Archive for December, 2012

Husband and wife team Mere and Igu Yawane have been teaching women in the Eastern Highlands how to make this delicious bread from cassava.

Cassava flour and bread

Cassava flour and bread

Cassava processor to produce the flour

Cassava processor to produce the flour

Not only is the bread more tasty than the one at the shop, it is a source of food that can be relied upon during times of drought. And, it’s a money-maker – Mere sells her own cassava loaves direct to customers for K6!

Cassava bread

Cassava bread

Mere explained the couple’s motivation for helping train women in this enterprise: “Things won’t always be good every year, we go through hard times too,” she said.

“At these times – insects eat the sweet potatoes, rice doesn’t grow well – we must store something. We can make this flour in readiness for these times of need. And use it to feed your family at that time.”

Mere Yawane, food security trainer and entrepreneur

Mere Yawane, food security trainer and entrepreneur

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Savé PNG's Jennifer Waiko speaking at the Slow Foods festival in Italy last month

Savé PNG’s Jennifer Waiko speaking at the Slow Foods festival in Italy last month

PNG’s farmers and traditional cuisine took centre stage at one of the world’s major food events last month.

Markham Valley-based non-profit Savé PNG spoke at the Slow Foods (‘Salone del Gusto’) festival in Torino, Italy.

At the event, Savé PNG director Jennifer Waiko was invited to speak on a conference about ‘Indigenous Peoples and Local Food Sovereignty: A struggle for self determination’, where she said the farmers who are severely neglected by the PNG government hold the key to PNG’s economic independence.

“The majority of Papua New Guineas have is the ability to earn a livelihood from the land,” Waiko said. “We have the skills, but we need the training and market opportunities to gain financial independence.

“Political decisions in Papua New Guinea are based on money: that is, on short term aspirations. Make the people financially independent and they will make more choices based on long term aspirations.”

Savé PNG is working to inspire Papua New Guineans to embrace their cultural identity and protect their traditional foodways. They believe that celebrating traditional food is the first step towards community resiliency in the face of health, climate and cultural threats in PNG.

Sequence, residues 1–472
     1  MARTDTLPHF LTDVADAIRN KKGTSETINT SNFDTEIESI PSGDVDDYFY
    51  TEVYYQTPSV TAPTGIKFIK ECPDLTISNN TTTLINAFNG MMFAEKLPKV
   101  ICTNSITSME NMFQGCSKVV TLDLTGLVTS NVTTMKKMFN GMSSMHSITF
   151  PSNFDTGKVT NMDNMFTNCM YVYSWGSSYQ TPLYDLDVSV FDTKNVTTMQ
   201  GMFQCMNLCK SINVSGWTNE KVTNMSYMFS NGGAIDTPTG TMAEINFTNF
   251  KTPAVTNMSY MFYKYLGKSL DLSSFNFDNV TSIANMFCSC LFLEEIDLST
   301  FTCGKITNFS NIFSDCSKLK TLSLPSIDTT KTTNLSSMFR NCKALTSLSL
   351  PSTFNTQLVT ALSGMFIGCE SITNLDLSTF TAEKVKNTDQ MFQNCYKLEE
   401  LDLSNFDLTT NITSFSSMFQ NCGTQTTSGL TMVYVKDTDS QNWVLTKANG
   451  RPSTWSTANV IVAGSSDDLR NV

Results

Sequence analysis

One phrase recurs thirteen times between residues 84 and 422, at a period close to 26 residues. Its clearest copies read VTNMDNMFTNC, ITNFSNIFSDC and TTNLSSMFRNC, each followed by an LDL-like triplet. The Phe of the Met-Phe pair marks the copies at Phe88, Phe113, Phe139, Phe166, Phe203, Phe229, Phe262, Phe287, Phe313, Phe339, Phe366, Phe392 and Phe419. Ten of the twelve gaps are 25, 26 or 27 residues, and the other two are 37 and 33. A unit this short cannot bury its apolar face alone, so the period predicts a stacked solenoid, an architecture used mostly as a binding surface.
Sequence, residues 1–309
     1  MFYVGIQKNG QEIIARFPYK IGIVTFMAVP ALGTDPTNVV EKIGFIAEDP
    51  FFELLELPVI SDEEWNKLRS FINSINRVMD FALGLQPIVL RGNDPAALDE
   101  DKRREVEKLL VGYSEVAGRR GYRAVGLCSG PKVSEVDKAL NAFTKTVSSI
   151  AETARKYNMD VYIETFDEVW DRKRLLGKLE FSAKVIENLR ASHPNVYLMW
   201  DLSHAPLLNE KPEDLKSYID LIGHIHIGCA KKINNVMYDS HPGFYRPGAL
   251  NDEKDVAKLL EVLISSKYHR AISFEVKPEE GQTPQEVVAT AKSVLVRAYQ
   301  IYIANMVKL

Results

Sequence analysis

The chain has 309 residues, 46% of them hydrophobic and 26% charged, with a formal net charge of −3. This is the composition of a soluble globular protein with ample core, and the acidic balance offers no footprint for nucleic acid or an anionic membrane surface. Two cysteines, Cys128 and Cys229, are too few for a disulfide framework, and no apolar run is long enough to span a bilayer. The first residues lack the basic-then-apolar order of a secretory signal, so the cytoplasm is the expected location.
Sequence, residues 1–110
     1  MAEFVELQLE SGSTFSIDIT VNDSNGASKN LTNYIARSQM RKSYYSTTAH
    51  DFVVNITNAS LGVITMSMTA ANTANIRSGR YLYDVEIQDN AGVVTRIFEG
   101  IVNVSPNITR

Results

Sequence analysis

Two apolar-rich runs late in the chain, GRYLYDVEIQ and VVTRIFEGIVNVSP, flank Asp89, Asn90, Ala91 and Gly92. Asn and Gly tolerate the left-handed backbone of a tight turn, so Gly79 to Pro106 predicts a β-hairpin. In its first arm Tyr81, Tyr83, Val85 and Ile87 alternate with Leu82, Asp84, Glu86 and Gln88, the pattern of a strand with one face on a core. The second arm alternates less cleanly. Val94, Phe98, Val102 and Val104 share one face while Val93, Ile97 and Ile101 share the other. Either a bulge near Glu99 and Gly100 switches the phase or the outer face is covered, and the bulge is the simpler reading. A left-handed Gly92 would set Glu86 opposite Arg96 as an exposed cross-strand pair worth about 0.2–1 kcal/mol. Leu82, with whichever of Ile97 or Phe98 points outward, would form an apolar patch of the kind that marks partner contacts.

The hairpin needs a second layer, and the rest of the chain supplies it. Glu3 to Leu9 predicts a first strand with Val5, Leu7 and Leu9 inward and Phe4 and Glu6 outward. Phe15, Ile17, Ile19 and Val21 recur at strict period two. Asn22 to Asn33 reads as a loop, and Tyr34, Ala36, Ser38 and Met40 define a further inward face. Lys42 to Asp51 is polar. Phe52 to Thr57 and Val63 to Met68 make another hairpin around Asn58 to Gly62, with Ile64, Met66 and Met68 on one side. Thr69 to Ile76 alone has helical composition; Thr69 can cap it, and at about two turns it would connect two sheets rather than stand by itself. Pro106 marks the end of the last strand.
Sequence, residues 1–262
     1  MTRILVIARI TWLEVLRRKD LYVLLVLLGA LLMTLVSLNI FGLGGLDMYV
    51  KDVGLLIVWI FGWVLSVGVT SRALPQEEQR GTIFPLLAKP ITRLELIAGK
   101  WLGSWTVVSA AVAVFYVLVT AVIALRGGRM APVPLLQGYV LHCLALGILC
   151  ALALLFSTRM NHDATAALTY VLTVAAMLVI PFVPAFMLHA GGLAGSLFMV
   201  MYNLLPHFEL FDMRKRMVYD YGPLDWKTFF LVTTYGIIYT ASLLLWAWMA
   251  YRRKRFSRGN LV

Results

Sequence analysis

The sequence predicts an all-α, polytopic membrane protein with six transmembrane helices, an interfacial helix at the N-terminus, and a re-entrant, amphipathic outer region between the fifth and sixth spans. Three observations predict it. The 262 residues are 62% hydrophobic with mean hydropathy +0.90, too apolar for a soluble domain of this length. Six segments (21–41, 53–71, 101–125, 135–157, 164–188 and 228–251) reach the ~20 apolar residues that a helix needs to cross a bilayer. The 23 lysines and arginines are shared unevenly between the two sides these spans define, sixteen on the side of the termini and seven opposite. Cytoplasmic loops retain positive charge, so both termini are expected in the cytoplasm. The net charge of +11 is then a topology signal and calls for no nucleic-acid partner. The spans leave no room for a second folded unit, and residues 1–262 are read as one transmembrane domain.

They are currently working on a educational video series called “Cafe Niugini” which explores indigenous cuisines and cultures of Papua New Guinea.

Slow Food is a global movement that aims to “counter the rise of fast food and fast life, the disappearance of local food traditions, and people’s dwindling interest in the food they eat, where it comes from, how it tastes and how our food choices affect the rest of the world.” At this year’s four-day festival, there were 950 food exhibitors from 130 countries.

Savé PNG’s Bao Waiko is hopeful PNG farmers will be represented at the 2014 Slow Food festival.

“Salone is the perfect opportunity for small local PNG food groups working on agricultural products such as coffee, chocolatecoconut oil, honey, dried fruits and other locally grown and processed products to gain international exposure and recognition”, Bao said.

If you would like to know more about Slow Food go to www.slowfood.com. Read more about Save PNG here or contact Jennifer and Bao at savepng@gmail.com.

Tomato growers at theSlow Food Festival in Italy

Tomato growers at theSlow Food Festival in Italy

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Damaris Loie and her husband Tella have worked together for over 20 years making honey in the frontyard of their home in Logofate, in Ungai-Bena District.

The couple have customers for their delicious, 100% organic honey from around the Highlands, but aren’t keeping their specialised knowledge to themselves: they’re trying to train other women in the Eastern Highlands, so they can help ‘kamapim’ others. “They will be happy, and you will be happy too,” Damaris said.

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Tella loves working with his wife, and says more PNG men could benefit from doing the same.”Working in partnership with women is very good,” he said. “We’re a team, and it makes our work much easier. Also, women are very good managers, especially in terms of finance.

“If PNG men have this mentality where they’re only thinking of themselves, it won’t work as well. But if we can team up and apply the wisdom of women – their management skills, their way of looking after their families and putting food on the table – if we can incorporate this attitude into our businesses, I think communities in PNG will be better off.”

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Sesame John is a flower-gardener in Kabiufa, Goroka. Every week she sells flowers, fetching up to K200 per pot! She also sells large amounts for events and celebrations, and regularly hires out her gorgeous posies to Goroka University for graduation ceremonies. Her beautiful garden contains literally thousands of kina in flowers.

Having worked profitably in floriculture for more than 20 years, Sesame is a firm believer in reaping what you sow. “We have our land, so we must work,” she told us. “Moni stap long graun (‘money is inside our land’). If we work hard, we make money. If we are lazy, and wait for someone else, it will be hard for us to survive.
“You must work, you must sweat. And you will reap the rewards of your hard work.”
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